By Robert Reich
America worships success. In American culture, one of the worst things that can happen to anyone is to fail.
Fear of failure can be paralyzing. The experience of failure can be traumatizing. A refusal to acknowledge failure can turn someone into, well, Donald Trump.
I know some people who carry around their failures like scarlet letters — big shameful blotches that continue to haunt them for years.
Let me suggest another way of looking at failures.
I’ve been failing on and off for over 60 years, counting my first summer job when I got fired for failing to clean up the poop deposited by my boss’s German Shepherd on the roof deck outside his office on the 24th floor of a New York office building.
My first impulse was to defend myself. I didn’t know that was part of my job. It was over 90 degrees out there. The dog had diarrhea.
My second impulse was to be angry with my boss. Where do you get off, firing me? You really expected me to clean up after your silly dog? You can take this job and shove it.
My third was to be angry with myself. This was my first real job, and I had failed. I couldn’t even do a simple thing like look after a dog. I’m good for nothing. I’m a loser.
I had clearly failed. But was I thinking about it too narrowly? After all, I was only 14 years old. Before then I had no job experience except doing occasional chores at my father’s store and babysitting the neighbor’s kids. I had rarely ventured into the city.
For more than seven weeks before I was fired, I had gotten up every day at 5 am to catch a train into the city by myself, and I was never late. I put in a full day’s work and took the train back. Apart from the carelessness that got me fired, I had been reasonably responsible.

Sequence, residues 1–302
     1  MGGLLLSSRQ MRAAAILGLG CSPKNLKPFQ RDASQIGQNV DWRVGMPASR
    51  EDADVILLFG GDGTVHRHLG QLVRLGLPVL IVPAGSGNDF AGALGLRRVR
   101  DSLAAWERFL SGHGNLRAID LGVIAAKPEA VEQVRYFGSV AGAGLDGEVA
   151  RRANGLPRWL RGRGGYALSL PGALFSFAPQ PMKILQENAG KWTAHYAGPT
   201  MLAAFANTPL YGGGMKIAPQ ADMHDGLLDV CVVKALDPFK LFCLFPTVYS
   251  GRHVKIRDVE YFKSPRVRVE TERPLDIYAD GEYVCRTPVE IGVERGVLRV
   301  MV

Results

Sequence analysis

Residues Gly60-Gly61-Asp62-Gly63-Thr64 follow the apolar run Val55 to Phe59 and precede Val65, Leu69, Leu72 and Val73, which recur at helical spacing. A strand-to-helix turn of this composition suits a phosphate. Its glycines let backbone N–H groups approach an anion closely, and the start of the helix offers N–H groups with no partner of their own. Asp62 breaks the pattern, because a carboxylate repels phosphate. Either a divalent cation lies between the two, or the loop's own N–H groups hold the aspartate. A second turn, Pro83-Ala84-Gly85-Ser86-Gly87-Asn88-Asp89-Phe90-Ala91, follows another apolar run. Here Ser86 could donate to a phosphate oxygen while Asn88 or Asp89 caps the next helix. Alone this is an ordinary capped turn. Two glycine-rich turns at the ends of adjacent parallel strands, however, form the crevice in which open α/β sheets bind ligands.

And I learned something from the experience: In the future, pay more attention to the details of the job, even parts that seem unimportant or demeaning, like cleaning up a boss’s dog’s poop.
In other words, it had been a noble experiment — that didn’t work out as I had hoped.
In subsequent years, my failures were more spectacular. I lost Supreme Court cases. I failed to get Bill Clinton’s support to strengthen unions. I failed to stop the financialization of the economy. I failed in my bid to become governor of Massachusetts. My first marriage failed.
But all of these could also be understood as noble experiments that didn’t work out as I had hoped.
It’s easy never to fail in life. You just never try. Take no risks. Don’t stretch yourself. Stay hermetically sealed inside the safety of your comfort zone. Don’t strive, for fear you’ll fall on your face.
But what’s so bad about falling on your face? At worst, you may break your nose, which is better than trying nothing in order to save face.
For years, I’ve urged my graduating students not to fear failure. Sure, take responsibility for failures. Avoid silly mistakes. Be sensitive to others. But don’t be afraid to fail.
In fact, expect to fail. If you don’t fail many times through your lifetime, you won’t have lived.
The real problem isn’t failure. It’s the failure to bounce back from failure.
This article was published at Robert Reich’s Substack